The “Pro” in Dragon’s Crown Pro is deservedly aligned with the PS4 Pro moniker, offering visual improvements and steady gameplay to a neat RPG beat-’em-up.
Title: Dragon’s Crown Pro
Publisher: Atlus USA
Platforms: PS4 (version reviewed, “Pro”), PS3, PS Vita (“Dragon’s Crown”)
Release Date: May 15, 2018
It’s hard to contextualize a reignited nostalgia for a video game that was released just a few years ago. Dragon’s Crown Pro originally released on the PS3 and PS Vita as a cross-play game (now adding the PS4 to the mix), but it harkens back to the 2D side-scrolling, action-RPG beat ’em up arcade goodness of the 90s, marrying the iterative design of a Kickstarter passion project with the polish of a seasoned publisher like Atlus.
You take on a group of up to four traveling adventurers from a selection of six characters, each with their own pros and cons. Options include a wizard, sorceress, dwarf, elf, fighter and amazon, often teaming up in groups set to counter the weaknesses of others. Your merry band sets forth to obtain the Dragon’s Crown in order to bring peace back to your kingdom. You can play solo or with up to three companions (both AI and couch/online co-op).
Although there are no fundamentally different or improved gameplay mechanics in Dragon’s Crown Pro (the “Pro” moniker serves more to discuss its visual fidelity upgrade), it still excels in the niche it set out to create five years ago. Build up a party, complete quests in a series of 2D maps (each layered with meticulous detail and hidden passages), obtain gold and forage for character-progressing loot; there’s a repeatable, but intrinsically entertaining, gameplay loop.
More from Reviews
- Sonic Dream Team review: A welcome surprise to Apple Arcade
- Nacon’s Revolution 5 Pro for Playstation: Is it worth it?
- Jusant review: An uplifting tale about lifting yourself up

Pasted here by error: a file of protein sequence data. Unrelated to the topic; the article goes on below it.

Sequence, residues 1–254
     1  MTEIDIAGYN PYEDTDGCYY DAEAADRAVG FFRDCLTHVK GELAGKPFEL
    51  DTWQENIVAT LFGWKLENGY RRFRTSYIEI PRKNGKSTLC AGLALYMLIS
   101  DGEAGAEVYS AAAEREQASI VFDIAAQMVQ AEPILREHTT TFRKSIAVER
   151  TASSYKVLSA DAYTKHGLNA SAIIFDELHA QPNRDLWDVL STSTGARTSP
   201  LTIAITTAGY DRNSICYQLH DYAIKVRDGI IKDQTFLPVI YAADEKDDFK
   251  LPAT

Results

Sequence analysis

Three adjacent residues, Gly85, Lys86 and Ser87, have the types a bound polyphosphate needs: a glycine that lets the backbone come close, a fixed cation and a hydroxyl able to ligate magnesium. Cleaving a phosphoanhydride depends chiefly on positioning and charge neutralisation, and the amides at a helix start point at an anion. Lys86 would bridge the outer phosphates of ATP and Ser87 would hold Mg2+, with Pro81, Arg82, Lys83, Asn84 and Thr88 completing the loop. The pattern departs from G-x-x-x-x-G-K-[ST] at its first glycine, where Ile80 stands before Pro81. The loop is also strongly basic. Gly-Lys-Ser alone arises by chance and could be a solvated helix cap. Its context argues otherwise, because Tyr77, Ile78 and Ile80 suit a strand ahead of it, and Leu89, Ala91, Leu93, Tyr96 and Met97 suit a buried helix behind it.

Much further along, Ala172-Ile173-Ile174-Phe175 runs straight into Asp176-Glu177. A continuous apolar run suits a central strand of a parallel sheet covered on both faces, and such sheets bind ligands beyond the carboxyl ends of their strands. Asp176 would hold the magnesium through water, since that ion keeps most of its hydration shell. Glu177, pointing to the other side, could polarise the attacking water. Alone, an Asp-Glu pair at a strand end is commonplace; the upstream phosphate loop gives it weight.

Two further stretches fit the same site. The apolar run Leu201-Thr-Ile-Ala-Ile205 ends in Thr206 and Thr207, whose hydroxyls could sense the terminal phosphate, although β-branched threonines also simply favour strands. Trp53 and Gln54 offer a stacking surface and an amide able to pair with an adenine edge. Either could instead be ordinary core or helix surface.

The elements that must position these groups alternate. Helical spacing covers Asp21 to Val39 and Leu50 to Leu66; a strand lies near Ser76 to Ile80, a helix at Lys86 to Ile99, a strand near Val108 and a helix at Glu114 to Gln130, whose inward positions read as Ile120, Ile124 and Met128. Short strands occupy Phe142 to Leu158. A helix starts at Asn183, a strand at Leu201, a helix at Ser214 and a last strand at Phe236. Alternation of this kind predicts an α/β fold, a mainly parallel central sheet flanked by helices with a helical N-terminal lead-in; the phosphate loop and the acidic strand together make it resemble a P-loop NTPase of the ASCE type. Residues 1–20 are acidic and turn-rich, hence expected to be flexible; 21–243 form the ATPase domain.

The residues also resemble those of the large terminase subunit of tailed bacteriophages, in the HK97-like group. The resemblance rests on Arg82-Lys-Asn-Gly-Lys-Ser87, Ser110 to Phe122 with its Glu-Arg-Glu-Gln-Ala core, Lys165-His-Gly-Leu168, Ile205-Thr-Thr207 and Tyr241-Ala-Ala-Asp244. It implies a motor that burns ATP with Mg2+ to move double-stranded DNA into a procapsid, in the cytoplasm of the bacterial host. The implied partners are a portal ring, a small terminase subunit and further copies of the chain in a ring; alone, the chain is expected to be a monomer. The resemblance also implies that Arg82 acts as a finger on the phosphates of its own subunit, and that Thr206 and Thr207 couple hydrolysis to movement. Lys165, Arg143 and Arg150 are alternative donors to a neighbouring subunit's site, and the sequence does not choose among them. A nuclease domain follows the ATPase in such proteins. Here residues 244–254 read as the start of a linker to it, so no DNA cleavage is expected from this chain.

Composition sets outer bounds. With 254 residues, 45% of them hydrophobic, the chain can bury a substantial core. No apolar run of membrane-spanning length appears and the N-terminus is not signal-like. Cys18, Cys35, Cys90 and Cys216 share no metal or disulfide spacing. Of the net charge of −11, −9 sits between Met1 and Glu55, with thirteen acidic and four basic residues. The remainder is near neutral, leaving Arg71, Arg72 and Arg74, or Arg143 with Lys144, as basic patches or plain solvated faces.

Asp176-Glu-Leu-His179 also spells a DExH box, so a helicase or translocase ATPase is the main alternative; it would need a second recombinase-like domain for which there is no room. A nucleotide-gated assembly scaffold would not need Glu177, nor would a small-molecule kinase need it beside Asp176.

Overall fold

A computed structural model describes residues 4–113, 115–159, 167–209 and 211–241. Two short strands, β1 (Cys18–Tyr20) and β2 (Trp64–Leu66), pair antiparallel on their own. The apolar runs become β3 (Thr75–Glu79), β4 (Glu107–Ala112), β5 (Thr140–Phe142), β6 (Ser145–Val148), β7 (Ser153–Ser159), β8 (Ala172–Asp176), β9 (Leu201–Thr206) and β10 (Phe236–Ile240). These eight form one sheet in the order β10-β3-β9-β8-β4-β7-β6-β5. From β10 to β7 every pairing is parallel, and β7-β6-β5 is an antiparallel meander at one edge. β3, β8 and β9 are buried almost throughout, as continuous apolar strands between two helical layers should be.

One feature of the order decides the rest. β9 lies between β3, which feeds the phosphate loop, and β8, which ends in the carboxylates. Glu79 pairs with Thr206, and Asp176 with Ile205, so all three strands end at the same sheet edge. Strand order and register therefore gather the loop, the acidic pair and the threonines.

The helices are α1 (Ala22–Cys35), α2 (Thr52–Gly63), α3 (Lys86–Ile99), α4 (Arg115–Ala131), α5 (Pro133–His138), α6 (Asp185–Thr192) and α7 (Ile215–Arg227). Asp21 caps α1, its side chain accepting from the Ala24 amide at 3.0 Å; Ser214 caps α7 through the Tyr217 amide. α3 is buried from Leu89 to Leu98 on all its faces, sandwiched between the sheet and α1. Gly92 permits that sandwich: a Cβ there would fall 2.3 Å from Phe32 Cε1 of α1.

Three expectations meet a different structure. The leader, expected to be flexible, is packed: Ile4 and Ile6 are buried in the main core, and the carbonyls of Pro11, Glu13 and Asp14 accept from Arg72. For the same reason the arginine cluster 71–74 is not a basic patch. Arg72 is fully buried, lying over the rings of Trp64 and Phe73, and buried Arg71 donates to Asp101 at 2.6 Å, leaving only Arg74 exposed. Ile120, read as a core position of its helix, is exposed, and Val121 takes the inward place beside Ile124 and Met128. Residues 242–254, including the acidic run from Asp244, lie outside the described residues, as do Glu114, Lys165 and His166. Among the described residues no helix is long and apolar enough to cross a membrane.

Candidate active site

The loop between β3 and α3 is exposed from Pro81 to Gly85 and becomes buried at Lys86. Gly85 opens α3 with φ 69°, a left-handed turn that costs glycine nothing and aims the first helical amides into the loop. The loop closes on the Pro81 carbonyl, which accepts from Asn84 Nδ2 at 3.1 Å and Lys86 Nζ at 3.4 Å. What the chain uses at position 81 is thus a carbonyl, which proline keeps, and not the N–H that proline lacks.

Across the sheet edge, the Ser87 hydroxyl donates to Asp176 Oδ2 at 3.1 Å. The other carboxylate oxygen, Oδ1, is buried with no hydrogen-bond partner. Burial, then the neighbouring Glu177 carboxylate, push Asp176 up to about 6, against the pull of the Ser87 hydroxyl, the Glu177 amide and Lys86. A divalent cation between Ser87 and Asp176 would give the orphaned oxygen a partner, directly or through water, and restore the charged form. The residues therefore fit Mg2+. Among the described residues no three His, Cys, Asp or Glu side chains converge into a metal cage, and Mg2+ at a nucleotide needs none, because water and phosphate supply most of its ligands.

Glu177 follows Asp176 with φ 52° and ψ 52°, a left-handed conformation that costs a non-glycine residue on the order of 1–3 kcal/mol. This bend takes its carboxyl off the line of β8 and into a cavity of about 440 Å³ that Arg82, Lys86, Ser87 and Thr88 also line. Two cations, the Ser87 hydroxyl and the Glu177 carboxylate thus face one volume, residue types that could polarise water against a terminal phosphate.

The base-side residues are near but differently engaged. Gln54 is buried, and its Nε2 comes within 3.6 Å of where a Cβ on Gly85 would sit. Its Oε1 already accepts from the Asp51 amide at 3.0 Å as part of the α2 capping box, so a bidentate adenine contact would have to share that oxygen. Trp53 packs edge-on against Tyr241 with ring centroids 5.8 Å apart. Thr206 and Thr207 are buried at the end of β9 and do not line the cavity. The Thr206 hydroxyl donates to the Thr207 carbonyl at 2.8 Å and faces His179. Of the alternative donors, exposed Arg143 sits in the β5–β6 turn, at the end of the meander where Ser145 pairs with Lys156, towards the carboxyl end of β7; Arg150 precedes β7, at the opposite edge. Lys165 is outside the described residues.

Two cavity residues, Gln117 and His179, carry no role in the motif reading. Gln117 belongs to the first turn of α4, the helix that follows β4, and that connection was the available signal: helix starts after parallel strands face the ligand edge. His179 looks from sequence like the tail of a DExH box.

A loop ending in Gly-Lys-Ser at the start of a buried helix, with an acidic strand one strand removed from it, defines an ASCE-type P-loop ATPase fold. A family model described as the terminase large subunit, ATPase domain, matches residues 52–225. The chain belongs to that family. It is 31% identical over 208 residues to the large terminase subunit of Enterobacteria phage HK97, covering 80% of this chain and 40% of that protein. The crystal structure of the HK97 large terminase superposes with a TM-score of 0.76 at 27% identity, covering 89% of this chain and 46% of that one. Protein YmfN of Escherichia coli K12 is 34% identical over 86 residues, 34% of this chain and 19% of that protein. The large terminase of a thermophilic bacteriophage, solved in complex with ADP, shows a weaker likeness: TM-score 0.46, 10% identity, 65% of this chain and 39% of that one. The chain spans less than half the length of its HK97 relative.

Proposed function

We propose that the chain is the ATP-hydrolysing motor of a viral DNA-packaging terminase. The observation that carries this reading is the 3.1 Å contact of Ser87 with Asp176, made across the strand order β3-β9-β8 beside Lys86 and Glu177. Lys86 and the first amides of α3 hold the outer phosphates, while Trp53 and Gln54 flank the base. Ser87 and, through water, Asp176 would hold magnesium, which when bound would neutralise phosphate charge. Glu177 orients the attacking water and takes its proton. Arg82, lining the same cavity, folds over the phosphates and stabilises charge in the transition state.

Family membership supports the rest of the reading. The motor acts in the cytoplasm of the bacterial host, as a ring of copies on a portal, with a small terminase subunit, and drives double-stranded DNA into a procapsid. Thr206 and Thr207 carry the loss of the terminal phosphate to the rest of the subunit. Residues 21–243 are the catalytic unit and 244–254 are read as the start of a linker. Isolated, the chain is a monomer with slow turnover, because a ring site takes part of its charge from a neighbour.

- WarioWare: Move It review: A waggle in the right direction for the series
- Alan Wake 2 review: Am I high right now?
Though the tradition of creating parallax environments to create a beautiful, roaming vistas is nothing new, the 4k resolution afforded by Dragon’s Crown Pro‘s remastered efforts is a welcomed edition. There’s a renewed sharpness to the gorgeous artistry on display, which wasn’t as crisp on the PS3 and PS Vita. You can also make out individual enemies much easier on a crowded screen.
Furthermore, the electronically generated background music of the previous version can now be replaced with an orchestral score, making for a much livelier experience. It does help create a more evocative adventure, immersing the player in a wonderfully energetic experience with companying jovial medieval-era tunes.
Having touched the first few hours of the game back in the day, there’s never been a better time to hop back in with Dragon’s Crown Pro. You can carry over your PS3/Vita progress to the PS4 in order to keep your same characters’ story going and picked up from where you left off. That way, you don’t need to sacrifice your progress to enjoy the modern benefits.
What Vanillaware needed to improve upon was the way in which they tell their story. The kingdom of Hydeland is told through scantily clad NPCs in dungeons, narrative descriptions and imposing characters across town that you need to run back and forth between. Again, these criticisms are not new, but disappointing that they haven’t been addressed in this PS4 version.
For a dungeon-crawling title, there’s a certain amount of repetition expected. You get to return to areas you once visited to explore new areas, complete new quests and expand your knowledge of runes, all while picking up the bones of departed soldiers to resurrect or raising your bounty of gold. Every single moment you’re in town, though, becomes a slog when trying to progress the main quest by jumping back and forth between characters multiple times to learn the trope-ish story.
Dragon’s Crown Pro is exceptionally gameplay oriented, and your core adventuring experience is enough to satisfy the itch for this kind of beat ’em up adventure. However, if you still have access to a PS3 or PS Vita, you have the same experience minus the graphical fidelity and audio quality, but also the value of a nearly full-priced game. If it’s your first time with the game, it’s certainly worth a modern look at a game with a classic RPG style.
A copy of this game was provided to App Trigger for the purpose of this review. All scores are ranked out of 10, with .5 increments. Click here to learn more about our Review Policy.